“The Galaxy Report” provides summaries and links to headline news by leading science journalists about the amazing discoveries, technology, people, and events changing our knowledge of Planet Earth and the Cosmos beyond. Our caffine-inspired curation team scours the world, doing your work for you –all in one place.
The Ultralight Dark Universe –According to the hypothesis, axionic dark matter, provoking structural rearrangement in compact stars with a strong magnetic field, can protect them from a catastrophic loss of magnetic energy, but at the same time allows such objects to rotate abnormally fast. “Dark matter is a cosmic substance that does not directly interact with photons, and all information about it was obtained by astronomers only indirectly, as a result of gravitational lenzing of light from distant galactic sources,” comments one of the co-authors, Professor at the Department of Relativity Theory and Gravitation Alexander Balakin.
The Age of Interstellar Visitors –As astronomers get better at finding the comets and asteroids of other stars, they’ll learn more about the universe and our place in it. It sounds almost like science fiction, writes Michele Bannister for Quanta, a skyscraper-size tiny world with a reddish exterior that formed around another star, visiting our cosmic neighborhood for us to study. And yet that’s exactly what has happened, twice now as of the last few months. It will only happen more often this decade.
Earth Is About To Enter A 30-Year ‘Mini Ice Age’ –Our planet is bracing for a solar minimum: a dormant period in which the Sun radiates less energy or heat at our planet than usual, reports Mashable Scientists have warned that as a result of the Sun’s inactivity, Earth is likely to witness a ‘mini ice age’ that could bring extreme winters and chilly cold storms over the next 30 years.
How Ancient Light Reveals the Universe’s Contents –A photograph of the infant cosmos reveals the precise amounts of dark matter and dark energy in the universe, leaving precious little room for argument. In early 2003, Chuck Bennett learned the precise contents of the cosmos, writes Charlie Wood for Quanta. By then, most cosmologists had concluded that the universe contains much more than meets the eye. Observations of pinwheeling galaxies suggested that scaffolds of invisible matter held their stars together, while a repulsive form of energy drove galaxies apart.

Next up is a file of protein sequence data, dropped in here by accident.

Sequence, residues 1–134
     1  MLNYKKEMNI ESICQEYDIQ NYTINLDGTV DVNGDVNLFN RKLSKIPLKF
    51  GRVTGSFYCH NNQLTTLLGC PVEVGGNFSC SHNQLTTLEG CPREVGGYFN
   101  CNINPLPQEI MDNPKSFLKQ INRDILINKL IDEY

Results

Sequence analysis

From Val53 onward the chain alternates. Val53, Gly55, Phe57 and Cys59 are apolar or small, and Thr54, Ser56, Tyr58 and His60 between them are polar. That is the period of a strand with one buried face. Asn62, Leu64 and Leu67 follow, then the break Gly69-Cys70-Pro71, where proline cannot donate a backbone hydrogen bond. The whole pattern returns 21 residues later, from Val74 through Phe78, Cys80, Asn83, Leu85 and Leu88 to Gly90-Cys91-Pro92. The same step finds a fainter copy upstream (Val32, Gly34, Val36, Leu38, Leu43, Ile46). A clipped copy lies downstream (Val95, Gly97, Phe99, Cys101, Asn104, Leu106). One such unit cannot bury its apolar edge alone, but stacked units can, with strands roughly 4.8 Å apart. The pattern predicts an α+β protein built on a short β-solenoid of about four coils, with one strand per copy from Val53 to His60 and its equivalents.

A star exploded into a supernova but it weirdly isn’t very bright –The dimmest ever exploding star has been spotted by the twin ATLAS telescopes in Hawaii. Solving the mystery of how the explosion happened could have implications for how we measure the expansion rate of the universe. One theory for the origin of this peculiar astronomical event – 150 million light years away – is that it is a failed or incomplete detonation of a small, very dense star called a white dwarf. Stars of low to medium mass like the sun become white dwarfs after they have burned all their fuel.
NASA Reveals What Earth Would Look Like If The Oceans Dried Up
Weird clumps of air that disrupt radio signals found on Mars –Earth’s upper atmosphere has strange dense layers of ions that are constantly appearing and disappearing and which can hamper radio communication. Now, writes Leah Crane for New Scientist, the same thing has now been found on Mars, offering a new chance to crack understand this poorly studied phenomenon.
The Secrets Uncovered by Mars Rovers--Red Planet Ride-Along on the hunt for water and life. For human travelers, writes Corey Powell for Nautil.us, the iconic moment of space exploration occurred a half-century ago, when Neil Armstrong planted the first human boot-print on the moon. But if you don’t mind using robots as our stand-ins, the greatest era is unfolding right now on Mars, where NASA’s Curiosity rover is rolling across the rusty, dusty surface and leaving behind tread marks that spell out the letters “J-P-L” in Morse code.
Artificial Intelligence Will Do What We Ask. That’s a Problem —By teaching machines to understand our true desires, one scientist hopes to avoid the potentially disastrous consequences of having them do what we command, wrote Natalie Wolchover for Quanta. The danger of having artificially intelligent machines do our bidding is that we might not be careful enough about what we wish for.